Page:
The problem with the Republican budget planning process is not just that it exacerbates the deficit problem by insisting on tax cuts for the top 2% of Americans; it’s also the narrow slice of expenditures that they will even consider to subject to their budget knife.

Our federal budget for 2011 amounts to $3.64 trillion. That total is split between $247 billion of interest payments on the debt, $2.1 trillion in mandatory spending (consisting mostly of Social Security, Medicare, and pensions), and $1.2 trillion of discretionary spending. Since the vast majority of mandatory spending comes from entitlements, which are by definition funded outside of income tax revenues, this leaves the substantially smaller discretionary pie from which to cut — and once the Republicans protect their sacred cows, few slices are left on the table.

At approximately 58% of discretionary spending, the price tag for the military accounts for the lion’s share of the pie. This includes around $550 billion for the Department of Defense and another $170 billion for the Nuclear Security Administration, Homeland Security, Veterans Affairs and related programs. Add another $159 billion for “Overseas Contingency Operations” (our Middle East wars), and the Republicans have stashed away all but 4 pieces of that 10-piece pie before it gets served up for cutting.

So, using the Republican framework for deficit reduction, the process starts with tax increases and military cuts pulled completely off the table. That leaves around $441 billion in government spending that’s subject to the Republican axe. Remove from that other Republican pet pots, like the $20 billion or so in oil company and other corporate subsidies, and it becomes evident how much the Republicans are like that person who allegedly wants to lose weight but won’t exercise. It is true that they’re willing to do some dieting, so long as they don’t have to give up any carbs or fat.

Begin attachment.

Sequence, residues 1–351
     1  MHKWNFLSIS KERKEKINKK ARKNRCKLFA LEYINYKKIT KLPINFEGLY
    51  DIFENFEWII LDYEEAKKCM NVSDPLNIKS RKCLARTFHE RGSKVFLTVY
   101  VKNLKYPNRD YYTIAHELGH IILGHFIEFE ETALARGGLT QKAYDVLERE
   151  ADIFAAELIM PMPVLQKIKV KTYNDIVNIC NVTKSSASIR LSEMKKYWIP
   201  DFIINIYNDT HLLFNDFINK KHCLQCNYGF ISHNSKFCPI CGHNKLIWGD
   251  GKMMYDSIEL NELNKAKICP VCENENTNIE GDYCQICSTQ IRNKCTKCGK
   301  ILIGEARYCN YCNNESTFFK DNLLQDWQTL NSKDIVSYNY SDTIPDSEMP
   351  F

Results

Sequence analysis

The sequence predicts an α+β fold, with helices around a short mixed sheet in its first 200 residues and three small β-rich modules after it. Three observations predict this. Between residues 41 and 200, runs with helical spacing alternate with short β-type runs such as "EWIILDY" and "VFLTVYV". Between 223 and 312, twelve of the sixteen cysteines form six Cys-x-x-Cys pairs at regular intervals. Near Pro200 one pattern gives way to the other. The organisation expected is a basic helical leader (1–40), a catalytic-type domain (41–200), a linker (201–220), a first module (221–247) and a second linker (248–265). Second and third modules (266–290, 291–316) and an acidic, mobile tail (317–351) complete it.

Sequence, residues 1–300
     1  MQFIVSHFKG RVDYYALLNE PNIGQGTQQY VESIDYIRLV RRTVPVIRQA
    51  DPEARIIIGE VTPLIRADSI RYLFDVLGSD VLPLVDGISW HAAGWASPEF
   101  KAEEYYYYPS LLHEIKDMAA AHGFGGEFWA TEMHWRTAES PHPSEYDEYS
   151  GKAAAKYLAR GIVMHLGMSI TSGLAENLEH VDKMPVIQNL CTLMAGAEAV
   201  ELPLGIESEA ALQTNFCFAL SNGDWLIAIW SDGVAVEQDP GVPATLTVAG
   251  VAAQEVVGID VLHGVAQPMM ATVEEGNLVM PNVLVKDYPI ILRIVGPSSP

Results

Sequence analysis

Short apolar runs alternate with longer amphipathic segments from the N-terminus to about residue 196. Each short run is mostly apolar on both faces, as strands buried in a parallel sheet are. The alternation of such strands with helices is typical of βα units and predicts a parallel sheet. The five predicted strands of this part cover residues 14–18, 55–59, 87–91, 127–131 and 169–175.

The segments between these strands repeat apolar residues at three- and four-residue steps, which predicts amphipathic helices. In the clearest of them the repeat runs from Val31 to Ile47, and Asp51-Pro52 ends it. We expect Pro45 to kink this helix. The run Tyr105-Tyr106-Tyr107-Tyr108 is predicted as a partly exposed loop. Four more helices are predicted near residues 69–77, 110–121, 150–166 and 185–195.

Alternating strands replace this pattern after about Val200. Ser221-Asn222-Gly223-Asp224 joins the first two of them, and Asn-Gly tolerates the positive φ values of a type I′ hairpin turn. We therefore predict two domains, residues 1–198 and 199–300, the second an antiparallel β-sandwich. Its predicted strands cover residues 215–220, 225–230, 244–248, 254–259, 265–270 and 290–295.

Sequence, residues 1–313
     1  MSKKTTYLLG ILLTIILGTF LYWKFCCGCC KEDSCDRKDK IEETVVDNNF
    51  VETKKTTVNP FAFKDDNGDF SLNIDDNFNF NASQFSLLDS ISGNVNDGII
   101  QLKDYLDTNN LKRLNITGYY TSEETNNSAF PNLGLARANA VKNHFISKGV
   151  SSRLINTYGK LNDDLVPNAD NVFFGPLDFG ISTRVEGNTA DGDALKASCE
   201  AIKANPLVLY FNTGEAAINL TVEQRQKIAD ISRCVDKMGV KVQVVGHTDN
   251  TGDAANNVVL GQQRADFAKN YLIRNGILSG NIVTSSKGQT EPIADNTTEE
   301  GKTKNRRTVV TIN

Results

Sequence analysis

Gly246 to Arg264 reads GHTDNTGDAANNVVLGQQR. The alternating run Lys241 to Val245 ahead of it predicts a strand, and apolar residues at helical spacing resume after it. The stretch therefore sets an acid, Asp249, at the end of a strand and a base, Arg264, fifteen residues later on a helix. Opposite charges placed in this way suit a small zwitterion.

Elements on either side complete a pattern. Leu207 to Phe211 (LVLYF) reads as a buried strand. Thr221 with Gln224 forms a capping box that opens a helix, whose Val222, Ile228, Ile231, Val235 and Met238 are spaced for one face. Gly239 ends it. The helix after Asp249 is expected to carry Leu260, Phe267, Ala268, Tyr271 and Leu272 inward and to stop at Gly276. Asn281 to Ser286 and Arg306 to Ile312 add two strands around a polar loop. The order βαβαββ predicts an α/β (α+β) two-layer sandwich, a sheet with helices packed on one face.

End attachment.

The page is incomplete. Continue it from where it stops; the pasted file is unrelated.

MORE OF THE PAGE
The result is a Republican budget proposal that leaves their campaign benefactors happy and instead cuts deeply into programs that benefit the needy and the nation as a whole. Their latest plan cuts billions from education and HUD, slashes more than $3 billion from the EPA, cuts from the FBI, reduces state and local law enforcement assistance, cuts from the FDA, trims nearly a $1 billion for energy efficiency efforts, cuts into science funding, NASA, the GSA, IRS and Treasury, trims the Army Corp of Engineers, slashes over $1 billion from FEMA First Responders, takes nearly $2 billion from job training, and drains billions more from the DOT. At a time of high unemployment and a decaying national infrastructure, over half ($33 billion) of the Republican’s planned cuts are at the expense of  labor and transportation/housing.

This is Republican economics at its finest. Their practices seem more consistent with some sort of Bizarro World Robin Hood, where the hero is actually a villain, and he steals from the poor to give to the rich. This is not the ethic upon which America was conceived. It is precisely the evil of elitist selfishness that the Founding Fathers strived to defeat.

Our present economic woes are not the result of over-taxation or excessive regulation. No, the causes of our nation’s ills are exactly the opposite. Our ailment is rampant greed and a steady decline in the middle class that stems largely from the massive concentration of wealth that’s occurred over the past 30 years. Today, the top 1% of Americans holds more financial wealth than the bottom 95%, and this Republican budget plan is nothing but another dose of the poison that brought us this disease.

Americans do need to be concerned about the federal debt, but the way to address it isn’t on the backs of the poor, working and middle classes. Our shared debt has been much larger as a portion of GDP in the past, and the formula for recovery and prosperity has already been proven. The Republicans refuse to follow that formula because their plan isn’t about the debt. If it was, tax increases and cuts in military spending would still be on then table.

The wellbeing of our nation is at stake, and the Republican House has proven itself to be either disinterested or completely incapable of prescribing the necessary action. It’s time for the American people to stand united and tell these thieves that we’ll no longer stand for their hypocritical nonsense. If they believe the deficit to be a major issue, then address it in earnest. If not, then abandon the false focus and help with the programs we need to create jobs and restore prosperity to the middle class.

Whatever the case — it’s time for all of our elected officials to cease their infernal shell game, stop the finger pointing, and for once dispense with the snow-job and TELL THE FREAKING TRUTH!